Submitted to: Soil & Tillage Research
Publication Type: Peer Reviewed Journal
Publication Acceptance Date: April 7, 1998
Publication Date: N/A
Interpretive Summary: Nitrogen management continues to challenge farmers and researchers. This 15-year, continuous corn study conducted in northeast Iowa compared the effects of moldboard plowing, chisel plowing, ridge-tillage, and no-tillage treatments on crop yield, uptake and removal of nitrogen, changes in soil organic matter, and nitrate loss through tile drainage lines. The amount of nitrogen removed by the corn grain was determined by yield, which was closely related to the amount of summer precipitation. Ridge-tillage and no-tillage yields were lower than chisel plow or moldboard plow treatments because of the continuous corn cropping system. Nitrogen loss through tile drainage was directly proportional to rainfall. A very important finding within all four tillage treatments was that a large amount of the nitrogen that was not removed by the crop or lost through tile drainage could be accounted for by changes in soil organic matter. This means that to understand what happens to the fertilizer nitrogen that is applied to enhance crop growth, changes in the soil must be closely monitored. Growers can use the results of this research to improve nitrogen management by switching from continuous corn to crop rotation and by using soil nitrate tests to determine the optimum rate of fertilizer nitrogen. These changes are being evaluated in a current study at this research site.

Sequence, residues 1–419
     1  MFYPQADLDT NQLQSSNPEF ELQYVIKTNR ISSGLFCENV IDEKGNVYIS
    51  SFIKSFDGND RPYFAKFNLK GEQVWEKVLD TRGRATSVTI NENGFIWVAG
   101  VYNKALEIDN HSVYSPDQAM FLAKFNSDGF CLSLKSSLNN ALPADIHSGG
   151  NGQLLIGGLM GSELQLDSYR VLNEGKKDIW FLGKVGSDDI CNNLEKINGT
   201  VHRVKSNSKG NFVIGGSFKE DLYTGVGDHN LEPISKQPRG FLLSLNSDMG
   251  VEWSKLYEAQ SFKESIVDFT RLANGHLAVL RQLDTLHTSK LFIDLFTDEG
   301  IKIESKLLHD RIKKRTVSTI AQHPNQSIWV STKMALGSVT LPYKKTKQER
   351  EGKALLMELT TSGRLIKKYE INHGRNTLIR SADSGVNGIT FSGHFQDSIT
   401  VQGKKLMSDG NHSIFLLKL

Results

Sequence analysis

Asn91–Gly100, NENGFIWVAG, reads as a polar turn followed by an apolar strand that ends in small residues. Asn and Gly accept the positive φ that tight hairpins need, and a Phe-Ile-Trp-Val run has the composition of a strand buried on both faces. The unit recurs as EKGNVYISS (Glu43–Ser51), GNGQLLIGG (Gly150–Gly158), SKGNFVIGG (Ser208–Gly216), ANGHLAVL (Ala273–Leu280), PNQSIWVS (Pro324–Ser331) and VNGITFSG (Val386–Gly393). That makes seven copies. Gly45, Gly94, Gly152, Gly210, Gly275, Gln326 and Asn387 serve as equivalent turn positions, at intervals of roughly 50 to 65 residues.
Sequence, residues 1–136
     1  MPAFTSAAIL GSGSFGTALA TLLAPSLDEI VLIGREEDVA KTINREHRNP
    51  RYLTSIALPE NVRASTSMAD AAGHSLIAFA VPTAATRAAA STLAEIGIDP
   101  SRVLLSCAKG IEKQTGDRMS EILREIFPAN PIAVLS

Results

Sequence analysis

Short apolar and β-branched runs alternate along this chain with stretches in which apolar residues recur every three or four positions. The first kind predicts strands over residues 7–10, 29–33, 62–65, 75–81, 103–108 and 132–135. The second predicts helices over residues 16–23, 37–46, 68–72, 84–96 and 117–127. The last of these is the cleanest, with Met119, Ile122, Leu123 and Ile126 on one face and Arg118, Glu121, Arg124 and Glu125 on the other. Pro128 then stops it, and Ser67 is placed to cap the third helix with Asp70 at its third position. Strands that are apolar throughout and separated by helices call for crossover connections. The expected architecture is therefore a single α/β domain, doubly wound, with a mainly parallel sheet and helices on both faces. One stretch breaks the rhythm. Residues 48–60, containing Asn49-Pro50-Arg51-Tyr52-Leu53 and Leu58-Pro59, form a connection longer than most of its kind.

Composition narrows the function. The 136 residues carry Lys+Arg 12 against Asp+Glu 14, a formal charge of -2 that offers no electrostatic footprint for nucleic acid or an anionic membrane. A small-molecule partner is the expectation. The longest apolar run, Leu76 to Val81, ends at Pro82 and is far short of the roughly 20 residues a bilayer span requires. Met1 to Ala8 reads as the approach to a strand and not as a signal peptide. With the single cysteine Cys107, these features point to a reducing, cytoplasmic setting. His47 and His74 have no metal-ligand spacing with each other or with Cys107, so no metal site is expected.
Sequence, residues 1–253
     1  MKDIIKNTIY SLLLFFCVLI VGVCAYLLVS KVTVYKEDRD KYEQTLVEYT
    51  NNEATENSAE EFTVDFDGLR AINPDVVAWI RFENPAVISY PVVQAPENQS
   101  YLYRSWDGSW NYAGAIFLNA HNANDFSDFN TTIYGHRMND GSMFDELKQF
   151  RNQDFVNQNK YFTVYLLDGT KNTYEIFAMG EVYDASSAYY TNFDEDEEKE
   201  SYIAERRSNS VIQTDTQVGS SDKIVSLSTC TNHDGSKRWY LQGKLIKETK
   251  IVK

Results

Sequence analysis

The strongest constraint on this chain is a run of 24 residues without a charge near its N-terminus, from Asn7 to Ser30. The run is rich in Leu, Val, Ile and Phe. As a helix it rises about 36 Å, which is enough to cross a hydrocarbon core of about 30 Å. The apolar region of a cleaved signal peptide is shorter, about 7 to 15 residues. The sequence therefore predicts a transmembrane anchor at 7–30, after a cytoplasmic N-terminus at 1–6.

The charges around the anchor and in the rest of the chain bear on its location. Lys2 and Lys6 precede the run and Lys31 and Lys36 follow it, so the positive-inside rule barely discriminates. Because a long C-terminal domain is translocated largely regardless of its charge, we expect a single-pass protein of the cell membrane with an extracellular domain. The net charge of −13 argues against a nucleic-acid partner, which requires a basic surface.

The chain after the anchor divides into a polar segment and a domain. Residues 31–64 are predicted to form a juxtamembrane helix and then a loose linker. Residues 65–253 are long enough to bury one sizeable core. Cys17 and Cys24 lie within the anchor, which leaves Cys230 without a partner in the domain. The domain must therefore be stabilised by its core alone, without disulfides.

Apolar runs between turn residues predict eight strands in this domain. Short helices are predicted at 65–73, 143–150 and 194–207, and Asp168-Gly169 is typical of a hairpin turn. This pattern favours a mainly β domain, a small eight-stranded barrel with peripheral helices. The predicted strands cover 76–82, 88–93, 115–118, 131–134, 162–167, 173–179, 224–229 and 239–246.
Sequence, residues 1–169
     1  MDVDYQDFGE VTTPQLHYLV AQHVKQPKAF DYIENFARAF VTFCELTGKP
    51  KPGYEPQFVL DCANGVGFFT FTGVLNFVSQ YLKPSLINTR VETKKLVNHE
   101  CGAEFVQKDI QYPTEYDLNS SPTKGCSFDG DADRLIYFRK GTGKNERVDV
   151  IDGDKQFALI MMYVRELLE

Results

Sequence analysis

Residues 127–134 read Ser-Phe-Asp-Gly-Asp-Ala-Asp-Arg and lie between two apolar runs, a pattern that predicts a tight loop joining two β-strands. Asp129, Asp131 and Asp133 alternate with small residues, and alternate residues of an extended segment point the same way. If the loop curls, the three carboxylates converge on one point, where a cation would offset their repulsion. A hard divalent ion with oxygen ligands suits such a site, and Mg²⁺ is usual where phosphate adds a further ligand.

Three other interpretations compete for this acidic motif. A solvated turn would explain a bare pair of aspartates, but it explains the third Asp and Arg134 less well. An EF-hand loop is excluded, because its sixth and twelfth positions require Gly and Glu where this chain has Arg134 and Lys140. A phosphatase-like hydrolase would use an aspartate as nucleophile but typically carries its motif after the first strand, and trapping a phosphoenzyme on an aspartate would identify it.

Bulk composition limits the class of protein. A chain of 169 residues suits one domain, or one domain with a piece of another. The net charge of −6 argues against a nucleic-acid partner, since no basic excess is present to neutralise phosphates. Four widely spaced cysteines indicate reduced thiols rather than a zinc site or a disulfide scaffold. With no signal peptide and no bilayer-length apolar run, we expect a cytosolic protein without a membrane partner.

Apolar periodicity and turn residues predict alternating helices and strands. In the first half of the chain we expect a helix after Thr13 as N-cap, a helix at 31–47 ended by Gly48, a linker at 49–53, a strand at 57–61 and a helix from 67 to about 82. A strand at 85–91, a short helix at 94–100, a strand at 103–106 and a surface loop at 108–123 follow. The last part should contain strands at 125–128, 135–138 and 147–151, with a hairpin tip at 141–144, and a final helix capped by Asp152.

Ridge-till, moldboard plowing, chisel plowing, and no-till treatments on tile drained northeastern Iowa soil were compared using a 15-year N balance and simulations made with the Root Zone Water Quality Model (RZWQM). The N budget accounted for 98 to 104% of the fertilizer N applied between 1978 and 1992 to the four tillage treatments. Grain yields predicted by RZWQM for 13 of the 15 years averaged 9% higher than the measured values; however, the values correlated reasonably well with an average coefficient of determination of .78 for the four tillage treatments. Simulations for 1988 and 1989 failed completely because RZWQM was not able to accurately predict the hydrology associated with the low rainfall seasons. Predicted total N accumulation by the corn plant was much higher than what was measured in 1990, 1991, or 1992. Estimates of profile nitrate, N mineralization, seepage loss of N, and denitrification were not satisfactory, presumably because the model failed to accurately simulate hydrology for the different tillage practices. Although simulation results were used to compare the four tillage practices, they were not suitable for predicting the fate of fertilizer N. The simple N budget and simulation results suggest that adopting ridge-tillage, without concurrent adjustments in N applications rates, methods of application, and associated soil and crop management practices, will not reduce the potential for off-site water quality degradation.